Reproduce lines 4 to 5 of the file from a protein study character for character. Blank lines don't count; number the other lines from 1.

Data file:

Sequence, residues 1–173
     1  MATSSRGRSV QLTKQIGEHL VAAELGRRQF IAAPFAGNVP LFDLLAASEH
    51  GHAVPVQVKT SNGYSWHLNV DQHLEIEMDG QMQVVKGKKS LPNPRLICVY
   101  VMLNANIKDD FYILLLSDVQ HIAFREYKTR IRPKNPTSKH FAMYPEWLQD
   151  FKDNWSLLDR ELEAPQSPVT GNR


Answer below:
   101  VMLNANIKDD FYILLLSDVQ HIAFREYKTR IRPKNPTSKH FAMYPEWLQD
   151  FKDNWSLLDR ELEAPQSPVT GNR